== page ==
When scientists talk about microglia, the talk is almost always about disease. Our work suggests that microglia may actively contribute to learning and memory in the healthy brain, which is something that no one expected, said Ania Majewska, Ph.D., assistant professor in the Department of Neurobiology & Anatomy who led the work.

    The group's paper, co-authored by post-doctoral associate, Marie-Ève Tremblay, Ph.D., is a remarkably detailed look at how brain cells interact with each other and react to their environment swiftly, reaching out constantly to form new links or abolish connections.

  • June 17, 2010

    "Photons and Neurons": 27th CVS Symposium

    Earlier this month, the Center for Visual Science (CVS) held its 27th symposium. The theme of this year's symposium was Photons and Neurons and it brought together scientists who develop and use optical imaging methods from all over the world.

    Optical imaging promises to revolutionize neuroscience by offering minimally-invasive, direct recording of neural activity at single cell resolution in the intact working brain. Optical imaging of neural activity, however, has yet to deliver the ultimate prize of recording the activity of many individual neurons in real time throughout the depth of a brain structure such as the cerebral cortex. Achieving such a goal will require the coordinated effort of experts from disparate backgrounds, including neuroscientists, optical engineers, biochemists and molecular biologists.

    The symposium brought together this diverse group of scientists and provided a platform for discussion of the latest developments in optical imaging of neuronal function. Discussions were long and lively and allowed the exchange of ideas, identification of pressing neurobiological questions, discussion of current limitations, and developing of ideas for possible solutions. The symposium was supported by the National Eye Institute (R13EY020691) and the Center for Visual Science, and was co-organized by David Williams, Ania Majewska and Tony Movshon (NYU).

  • November 1, 2008

    Ania Majewska, Ph.D. named a Kavli Fellow

    Congratulations to Ania Majewska, Ph.D. on being named a Kavli Fellow by the National Academy of Sciences (NAS). Each year the NAS conducts the Kavli Frontiers of Science Symposium with some 100 of the best and brightest of young American scientists attending to hear, discuss, and debate talks across a wide range of the natural sciences. Thus, many of the country's ablest scientists--those now rising to positions of leadership in their institutions and their professions--have gone through a seminar on the value and potential of interdisciplinary research. Attendees are selected from a pool of young researchers who have made significant contributions to science.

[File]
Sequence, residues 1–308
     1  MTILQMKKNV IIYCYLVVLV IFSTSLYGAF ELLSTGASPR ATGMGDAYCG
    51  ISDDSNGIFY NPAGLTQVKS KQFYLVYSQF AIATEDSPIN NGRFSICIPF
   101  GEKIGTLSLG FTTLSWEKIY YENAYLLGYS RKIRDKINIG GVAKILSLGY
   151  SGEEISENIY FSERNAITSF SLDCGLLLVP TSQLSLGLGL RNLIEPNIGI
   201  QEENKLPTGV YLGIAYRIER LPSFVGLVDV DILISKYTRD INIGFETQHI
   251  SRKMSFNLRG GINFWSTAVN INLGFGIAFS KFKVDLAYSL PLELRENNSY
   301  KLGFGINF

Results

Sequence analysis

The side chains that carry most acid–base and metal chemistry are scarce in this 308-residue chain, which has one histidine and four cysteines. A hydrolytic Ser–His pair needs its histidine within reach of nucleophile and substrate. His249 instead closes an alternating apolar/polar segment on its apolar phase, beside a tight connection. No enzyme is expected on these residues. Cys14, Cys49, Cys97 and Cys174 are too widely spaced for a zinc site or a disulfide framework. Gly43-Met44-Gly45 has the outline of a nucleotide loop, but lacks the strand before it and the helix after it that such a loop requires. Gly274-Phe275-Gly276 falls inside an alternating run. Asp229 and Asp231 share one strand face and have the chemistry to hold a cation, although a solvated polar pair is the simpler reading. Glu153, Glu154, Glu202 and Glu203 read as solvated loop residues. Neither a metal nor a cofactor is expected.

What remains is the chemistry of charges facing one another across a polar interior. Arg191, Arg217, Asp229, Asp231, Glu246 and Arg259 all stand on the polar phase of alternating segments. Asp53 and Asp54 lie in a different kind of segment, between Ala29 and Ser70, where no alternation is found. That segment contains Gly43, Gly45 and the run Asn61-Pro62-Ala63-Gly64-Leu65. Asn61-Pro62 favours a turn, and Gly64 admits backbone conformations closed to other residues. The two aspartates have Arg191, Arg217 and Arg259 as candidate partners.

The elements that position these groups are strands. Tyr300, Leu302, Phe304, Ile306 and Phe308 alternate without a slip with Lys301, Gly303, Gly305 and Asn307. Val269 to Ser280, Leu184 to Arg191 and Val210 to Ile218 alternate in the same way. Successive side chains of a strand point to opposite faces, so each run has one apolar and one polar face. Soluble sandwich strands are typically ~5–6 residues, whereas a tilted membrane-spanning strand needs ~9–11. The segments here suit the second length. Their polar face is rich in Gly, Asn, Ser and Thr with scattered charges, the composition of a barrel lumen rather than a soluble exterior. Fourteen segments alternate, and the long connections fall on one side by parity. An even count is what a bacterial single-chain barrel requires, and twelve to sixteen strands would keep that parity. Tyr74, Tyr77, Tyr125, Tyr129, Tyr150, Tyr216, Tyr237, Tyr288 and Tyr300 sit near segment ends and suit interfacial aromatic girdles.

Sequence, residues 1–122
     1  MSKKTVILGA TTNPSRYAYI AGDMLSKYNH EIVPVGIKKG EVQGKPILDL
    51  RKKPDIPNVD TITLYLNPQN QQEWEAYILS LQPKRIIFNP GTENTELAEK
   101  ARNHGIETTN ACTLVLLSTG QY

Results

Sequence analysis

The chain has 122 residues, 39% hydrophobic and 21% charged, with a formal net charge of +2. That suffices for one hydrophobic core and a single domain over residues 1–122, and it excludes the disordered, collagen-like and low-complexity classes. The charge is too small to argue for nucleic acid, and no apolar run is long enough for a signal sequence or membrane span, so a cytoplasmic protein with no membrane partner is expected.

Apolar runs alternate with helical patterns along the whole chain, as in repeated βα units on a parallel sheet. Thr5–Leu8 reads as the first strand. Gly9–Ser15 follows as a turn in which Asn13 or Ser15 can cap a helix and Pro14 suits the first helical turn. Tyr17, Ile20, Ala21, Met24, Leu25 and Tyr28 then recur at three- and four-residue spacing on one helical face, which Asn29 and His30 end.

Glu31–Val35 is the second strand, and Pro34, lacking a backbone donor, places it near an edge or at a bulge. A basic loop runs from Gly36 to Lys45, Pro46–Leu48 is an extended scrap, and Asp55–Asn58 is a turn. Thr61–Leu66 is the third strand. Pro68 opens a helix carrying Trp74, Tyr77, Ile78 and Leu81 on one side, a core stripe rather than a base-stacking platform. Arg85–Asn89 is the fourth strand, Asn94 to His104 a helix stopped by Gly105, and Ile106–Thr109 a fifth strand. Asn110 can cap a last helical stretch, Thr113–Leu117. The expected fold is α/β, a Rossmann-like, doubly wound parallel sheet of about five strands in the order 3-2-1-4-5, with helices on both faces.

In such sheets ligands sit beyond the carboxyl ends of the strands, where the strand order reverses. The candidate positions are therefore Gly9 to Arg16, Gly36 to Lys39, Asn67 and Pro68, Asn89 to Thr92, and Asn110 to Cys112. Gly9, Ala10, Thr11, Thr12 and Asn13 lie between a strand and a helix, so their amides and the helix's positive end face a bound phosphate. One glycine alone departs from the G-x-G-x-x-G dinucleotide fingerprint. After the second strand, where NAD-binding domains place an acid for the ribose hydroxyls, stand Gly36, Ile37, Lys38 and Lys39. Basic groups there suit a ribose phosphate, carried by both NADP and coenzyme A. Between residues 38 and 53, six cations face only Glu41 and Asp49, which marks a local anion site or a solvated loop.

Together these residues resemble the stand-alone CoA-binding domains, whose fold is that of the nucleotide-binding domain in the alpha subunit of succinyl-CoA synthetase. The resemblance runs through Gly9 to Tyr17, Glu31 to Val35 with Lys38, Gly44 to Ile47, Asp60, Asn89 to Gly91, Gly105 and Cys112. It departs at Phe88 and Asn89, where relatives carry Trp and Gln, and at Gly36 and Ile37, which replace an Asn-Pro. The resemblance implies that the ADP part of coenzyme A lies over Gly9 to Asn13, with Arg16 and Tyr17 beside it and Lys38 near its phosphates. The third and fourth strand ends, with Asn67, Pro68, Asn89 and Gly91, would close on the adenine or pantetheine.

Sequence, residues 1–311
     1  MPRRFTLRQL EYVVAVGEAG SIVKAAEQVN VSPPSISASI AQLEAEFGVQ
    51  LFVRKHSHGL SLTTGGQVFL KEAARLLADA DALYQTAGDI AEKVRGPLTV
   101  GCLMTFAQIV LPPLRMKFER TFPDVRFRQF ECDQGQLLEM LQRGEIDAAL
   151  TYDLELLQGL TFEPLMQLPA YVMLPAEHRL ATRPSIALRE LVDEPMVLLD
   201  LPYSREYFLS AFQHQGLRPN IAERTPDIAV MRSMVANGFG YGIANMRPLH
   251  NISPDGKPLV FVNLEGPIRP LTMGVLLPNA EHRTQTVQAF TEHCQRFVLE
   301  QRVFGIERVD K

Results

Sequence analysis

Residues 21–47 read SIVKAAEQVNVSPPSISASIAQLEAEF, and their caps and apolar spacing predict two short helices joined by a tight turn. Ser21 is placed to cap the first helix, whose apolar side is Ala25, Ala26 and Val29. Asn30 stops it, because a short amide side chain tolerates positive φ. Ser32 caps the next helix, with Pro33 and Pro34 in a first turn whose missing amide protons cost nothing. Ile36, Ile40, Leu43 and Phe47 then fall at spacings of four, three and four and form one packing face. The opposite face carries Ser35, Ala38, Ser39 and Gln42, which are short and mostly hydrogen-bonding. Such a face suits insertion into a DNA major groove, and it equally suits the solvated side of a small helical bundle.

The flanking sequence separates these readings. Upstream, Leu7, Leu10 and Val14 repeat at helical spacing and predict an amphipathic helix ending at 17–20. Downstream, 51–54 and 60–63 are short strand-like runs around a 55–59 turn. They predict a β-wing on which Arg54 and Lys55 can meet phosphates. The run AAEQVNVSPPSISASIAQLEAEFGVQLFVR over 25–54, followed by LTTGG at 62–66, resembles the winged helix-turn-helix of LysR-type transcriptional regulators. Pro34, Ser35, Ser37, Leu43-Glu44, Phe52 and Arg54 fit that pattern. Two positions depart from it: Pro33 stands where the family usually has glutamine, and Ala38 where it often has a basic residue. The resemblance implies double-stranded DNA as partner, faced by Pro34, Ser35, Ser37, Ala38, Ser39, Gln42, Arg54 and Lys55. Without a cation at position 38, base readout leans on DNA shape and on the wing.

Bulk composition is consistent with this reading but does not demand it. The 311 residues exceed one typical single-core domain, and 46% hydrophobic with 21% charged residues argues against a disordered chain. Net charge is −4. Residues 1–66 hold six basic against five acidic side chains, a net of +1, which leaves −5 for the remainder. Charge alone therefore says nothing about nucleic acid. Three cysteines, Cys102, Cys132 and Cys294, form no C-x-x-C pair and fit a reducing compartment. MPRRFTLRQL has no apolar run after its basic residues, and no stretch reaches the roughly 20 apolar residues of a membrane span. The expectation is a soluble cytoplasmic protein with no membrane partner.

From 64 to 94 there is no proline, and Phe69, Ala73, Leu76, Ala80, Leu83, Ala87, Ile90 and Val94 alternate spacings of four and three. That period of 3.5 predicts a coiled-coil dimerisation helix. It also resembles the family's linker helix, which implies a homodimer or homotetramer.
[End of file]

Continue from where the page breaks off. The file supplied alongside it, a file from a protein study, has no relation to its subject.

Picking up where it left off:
• August 3, 2007

    Spouses Awarded Prestigious Sloan, Pew Fellowships

    This summer the University of Rochester Medical Center boasts winners of two of the most prestigious awards available to young scientists - and the winners are from the same family.

    Edward Brown, Ph.D., has been named a Pew Scholar in the Biomedical Sciences, and his spouse Ania Majewska, Ph.D., has received an award from the Alfred P. Sloan Foundation. Brown, one of just 20 scientists in the nation to be recognized by the Pew Charitable Trusts this year, will receive $240,000 toward his research, while Majewska will receive $45,000 to continue her work.

  • October 11, 2006

    Cajal Club Explorer Award

    A couple of weeks ago, Gary Paige, M.D., Ph.D., Chair of the Department of Neurobiology & Anatomy, was informed that Ania Majewska, Ph.D., an Assistant Professor who had recently joined the department, had won the Cajal Club Explorer Award. Receiving such a prestigious award is a cause for recognition and celebration. What make's this all the more special, however, is Ania's personal and professional story.

Recent Publications